Spending Review and Budget 2010
3 November 2010
Members present for all or part of the proceedings:Ms Jennifer McCann (Chairperson)
Mr David McNarry (Deputy Chairperson)
Mr Paul Girvan
Mr Simon Hamilton
Mr Daithí McKay
Mr Mitchel McLaughlin
Ms Dawn Purvis
|Professor David Heald||)||University of Aberdeen|
The Chairperson (Ms J McCann):
Professor Heald, you are very welcome. I have just explained to the Committee that you did not have time to prepare a paper for today’s session. Please cover some of the main points in more detail than we would normally ask for if we had a paper. I will then open up the session to questions.
Professor David Heald (University of Aberdeen):
Many thanks for the invitation. Obviously, I do not know the detailed numbers in the way that the Department of Finance and Personnel would. Furthermore, I have not seen some of the papers. However, I have some general points that I believe are very important for the Committee to consider. The settlement for the Executive and the other devolved Administrations is much less bad than it might have been, given all the talk of 10% or 20% cuts that had dominated the London newspapers in particular.
It is very important to recognise that although people criticise the Barnett formula, it is the Barnett formula that is now protecting the devolved Administrations. Given the mechanical nature of the formula consequentials, the fact that education and health in England either received increases or did not take significant cuts, fed through as the driving factors in the consequentials that the devolved Administrations receive. The difference, of course, is the treatment of local government in England, which maps onto some of the Executive functions in Northern Ireland. Therefore, the real-terms cuts of 8%, 10%, or whatever, are actually not the kind of system-destroying cuts that people have been talking about.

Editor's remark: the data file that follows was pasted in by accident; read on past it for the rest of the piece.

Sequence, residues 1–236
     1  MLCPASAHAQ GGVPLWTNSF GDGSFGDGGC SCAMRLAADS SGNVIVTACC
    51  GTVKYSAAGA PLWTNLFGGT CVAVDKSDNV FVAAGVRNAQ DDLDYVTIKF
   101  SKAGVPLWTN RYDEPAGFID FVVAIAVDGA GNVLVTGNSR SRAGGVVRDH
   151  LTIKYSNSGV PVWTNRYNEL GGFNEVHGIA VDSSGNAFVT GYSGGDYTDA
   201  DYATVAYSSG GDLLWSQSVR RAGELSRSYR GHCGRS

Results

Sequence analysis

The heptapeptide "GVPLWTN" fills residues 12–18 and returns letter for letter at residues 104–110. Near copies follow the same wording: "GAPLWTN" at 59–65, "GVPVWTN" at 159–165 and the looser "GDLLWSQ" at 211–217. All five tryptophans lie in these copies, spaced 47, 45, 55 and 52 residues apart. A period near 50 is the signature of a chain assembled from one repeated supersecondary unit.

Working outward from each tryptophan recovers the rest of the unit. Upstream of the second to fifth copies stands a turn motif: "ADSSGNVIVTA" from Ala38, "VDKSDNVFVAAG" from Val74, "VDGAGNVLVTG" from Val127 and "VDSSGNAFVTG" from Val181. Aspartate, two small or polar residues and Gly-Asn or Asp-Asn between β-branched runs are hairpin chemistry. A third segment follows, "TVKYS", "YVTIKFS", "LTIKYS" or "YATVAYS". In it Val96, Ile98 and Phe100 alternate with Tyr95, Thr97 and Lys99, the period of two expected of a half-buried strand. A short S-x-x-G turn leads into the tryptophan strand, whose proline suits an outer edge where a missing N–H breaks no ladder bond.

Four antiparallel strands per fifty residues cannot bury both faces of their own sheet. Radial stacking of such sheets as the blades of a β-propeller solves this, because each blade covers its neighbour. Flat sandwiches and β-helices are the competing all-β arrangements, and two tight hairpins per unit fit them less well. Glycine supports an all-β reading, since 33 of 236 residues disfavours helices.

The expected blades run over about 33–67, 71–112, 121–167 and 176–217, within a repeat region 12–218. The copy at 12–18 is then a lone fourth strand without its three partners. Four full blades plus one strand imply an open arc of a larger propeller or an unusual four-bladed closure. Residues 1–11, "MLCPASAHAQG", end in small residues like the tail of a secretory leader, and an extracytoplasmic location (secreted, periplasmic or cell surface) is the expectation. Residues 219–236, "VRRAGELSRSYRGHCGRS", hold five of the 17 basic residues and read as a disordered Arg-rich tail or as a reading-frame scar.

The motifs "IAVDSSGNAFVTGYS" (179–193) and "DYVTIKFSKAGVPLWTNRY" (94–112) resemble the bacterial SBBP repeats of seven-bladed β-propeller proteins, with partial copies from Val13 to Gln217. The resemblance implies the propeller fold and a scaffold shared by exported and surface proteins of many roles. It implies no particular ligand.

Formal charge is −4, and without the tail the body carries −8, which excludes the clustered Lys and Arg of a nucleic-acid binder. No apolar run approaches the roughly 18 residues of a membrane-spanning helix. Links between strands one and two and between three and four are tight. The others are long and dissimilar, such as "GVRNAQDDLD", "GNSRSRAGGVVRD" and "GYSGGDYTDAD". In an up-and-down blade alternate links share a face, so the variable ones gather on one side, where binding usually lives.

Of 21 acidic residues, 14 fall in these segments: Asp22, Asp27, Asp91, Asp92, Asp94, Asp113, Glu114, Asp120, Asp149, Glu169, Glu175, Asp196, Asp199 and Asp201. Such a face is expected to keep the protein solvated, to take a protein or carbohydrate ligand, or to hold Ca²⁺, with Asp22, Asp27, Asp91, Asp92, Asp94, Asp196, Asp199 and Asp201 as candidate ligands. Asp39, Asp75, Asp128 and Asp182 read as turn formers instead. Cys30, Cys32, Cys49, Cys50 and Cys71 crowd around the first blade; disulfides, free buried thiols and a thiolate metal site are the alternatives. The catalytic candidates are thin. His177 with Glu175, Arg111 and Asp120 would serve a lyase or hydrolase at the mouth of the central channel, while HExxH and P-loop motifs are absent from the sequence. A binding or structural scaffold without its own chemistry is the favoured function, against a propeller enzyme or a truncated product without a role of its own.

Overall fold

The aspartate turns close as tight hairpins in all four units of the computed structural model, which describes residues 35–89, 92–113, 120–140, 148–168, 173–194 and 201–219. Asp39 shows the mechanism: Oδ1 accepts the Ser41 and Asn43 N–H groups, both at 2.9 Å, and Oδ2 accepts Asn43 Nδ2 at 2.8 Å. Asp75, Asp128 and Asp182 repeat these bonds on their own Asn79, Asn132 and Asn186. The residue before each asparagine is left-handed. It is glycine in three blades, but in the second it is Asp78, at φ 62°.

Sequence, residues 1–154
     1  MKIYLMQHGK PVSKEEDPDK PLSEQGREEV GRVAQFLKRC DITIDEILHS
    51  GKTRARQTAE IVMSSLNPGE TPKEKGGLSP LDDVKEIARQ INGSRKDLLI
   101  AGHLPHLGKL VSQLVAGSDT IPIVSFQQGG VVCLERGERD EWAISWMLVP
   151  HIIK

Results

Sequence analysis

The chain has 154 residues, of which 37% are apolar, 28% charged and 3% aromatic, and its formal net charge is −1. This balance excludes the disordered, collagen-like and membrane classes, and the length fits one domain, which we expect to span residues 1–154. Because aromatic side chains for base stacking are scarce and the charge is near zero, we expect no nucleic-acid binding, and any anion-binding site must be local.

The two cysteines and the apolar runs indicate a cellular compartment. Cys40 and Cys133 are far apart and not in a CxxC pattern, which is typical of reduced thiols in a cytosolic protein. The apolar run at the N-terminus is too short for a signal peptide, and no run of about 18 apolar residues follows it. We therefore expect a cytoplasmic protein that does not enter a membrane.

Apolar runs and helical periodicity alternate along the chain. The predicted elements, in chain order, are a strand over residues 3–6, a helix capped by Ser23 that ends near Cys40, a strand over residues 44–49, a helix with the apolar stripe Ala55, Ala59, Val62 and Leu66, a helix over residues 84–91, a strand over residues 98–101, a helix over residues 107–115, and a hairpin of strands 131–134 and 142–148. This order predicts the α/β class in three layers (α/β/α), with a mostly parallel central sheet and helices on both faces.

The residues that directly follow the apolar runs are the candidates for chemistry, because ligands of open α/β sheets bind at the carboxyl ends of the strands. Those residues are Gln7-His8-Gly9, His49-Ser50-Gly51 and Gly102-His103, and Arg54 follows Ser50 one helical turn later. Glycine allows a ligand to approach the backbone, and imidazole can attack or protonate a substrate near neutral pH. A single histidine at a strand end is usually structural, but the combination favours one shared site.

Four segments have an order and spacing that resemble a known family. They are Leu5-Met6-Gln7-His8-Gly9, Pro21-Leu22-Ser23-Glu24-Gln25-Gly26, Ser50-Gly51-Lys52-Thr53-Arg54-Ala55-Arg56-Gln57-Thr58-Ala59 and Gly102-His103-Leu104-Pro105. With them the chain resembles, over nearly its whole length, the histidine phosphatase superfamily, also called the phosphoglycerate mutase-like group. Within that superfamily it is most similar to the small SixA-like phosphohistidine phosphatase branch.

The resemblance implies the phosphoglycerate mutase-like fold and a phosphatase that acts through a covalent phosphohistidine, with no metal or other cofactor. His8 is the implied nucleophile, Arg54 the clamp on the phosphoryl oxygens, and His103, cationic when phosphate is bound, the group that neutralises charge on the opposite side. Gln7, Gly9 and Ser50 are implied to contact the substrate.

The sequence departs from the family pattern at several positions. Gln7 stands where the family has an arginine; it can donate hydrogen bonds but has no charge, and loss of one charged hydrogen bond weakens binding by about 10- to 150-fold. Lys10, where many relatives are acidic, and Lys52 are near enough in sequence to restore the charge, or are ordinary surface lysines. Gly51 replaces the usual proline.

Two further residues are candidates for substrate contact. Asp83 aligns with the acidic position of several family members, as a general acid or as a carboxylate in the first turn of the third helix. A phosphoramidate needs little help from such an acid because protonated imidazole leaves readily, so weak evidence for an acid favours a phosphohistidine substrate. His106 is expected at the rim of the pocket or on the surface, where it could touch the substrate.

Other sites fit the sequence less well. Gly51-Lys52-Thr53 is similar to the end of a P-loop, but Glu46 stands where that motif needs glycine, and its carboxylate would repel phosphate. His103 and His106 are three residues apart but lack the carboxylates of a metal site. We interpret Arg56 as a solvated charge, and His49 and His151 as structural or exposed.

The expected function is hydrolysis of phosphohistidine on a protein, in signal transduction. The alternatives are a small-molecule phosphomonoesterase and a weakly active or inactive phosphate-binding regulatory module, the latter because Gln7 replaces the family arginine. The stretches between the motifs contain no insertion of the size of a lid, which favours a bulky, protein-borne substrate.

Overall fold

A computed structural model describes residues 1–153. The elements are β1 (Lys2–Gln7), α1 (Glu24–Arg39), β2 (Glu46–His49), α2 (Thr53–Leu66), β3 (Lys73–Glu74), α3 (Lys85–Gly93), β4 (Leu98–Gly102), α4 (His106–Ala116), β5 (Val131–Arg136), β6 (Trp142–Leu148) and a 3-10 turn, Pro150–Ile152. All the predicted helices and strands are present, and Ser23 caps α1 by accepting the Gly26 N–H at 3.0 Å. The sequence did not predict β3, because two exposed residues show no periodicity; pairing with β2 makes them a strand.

I think that Simon Hamilton raised this issue in one of his questions to Michael Brennan: the Committee ought to think about what is happening on the welfare side. The welfare budget is enormously complicated and I would not dream of understanding how it affects Northern Ireland. If there are cutbacks in disability and housing benefit, that will affect the people of Northern Ireland even though it does not directly affect the Executive. However, it will affect public services because more demands are likely to be made on Executive services. There are two issues: the welfare side is probably more severe than anybody expected, but what has actually happened to the resource budget of the Assembly is not as severe as it might have been, given all the rhetoric.
It is very important to protect capital expenditure as much as possible. Obviously, one does not want bad capital projects — the quality of capital projects is important — but Northern Ireland is heavily dependent on the public sector and the construction sector. My understanding is that the construction sector is quite localised, so the regional multipliers in Northern Ireland will be quite high from capital spending. Therefore, one ought to think about the question of whether room can be found to move money from resource into capital.
In a Scottish context, I have been a very strong devolutionist and have been involved in the arguments for devolution in Scotland since the 1970s. However, in a largely grant-financed devolution system, the Treasury currently holds too much power. The unilateral decisions to end the end-year flexibility (EYF) system are seriously damaging. That was a very good system that arose during the spending review system from 1998 onwards. One does not want a situation again whereby people paint buildings simply to spend money at year end. The Treasury seems to have unilateral discretion to take decisions on issues that fundamentally affect the financial management of the devolved Administrations. The fact that the EYF built up very strongly in the first 10 years of devolution reflected the fact that public spending was growing faster than the absorptive capacity. It is all right to have more money for health, but if we cannot hire doctors and nurses, the money will not be spent sensibly. Therefore, the EYF was an important mechanism for cushioning that pressure and preventing people from wasting the money.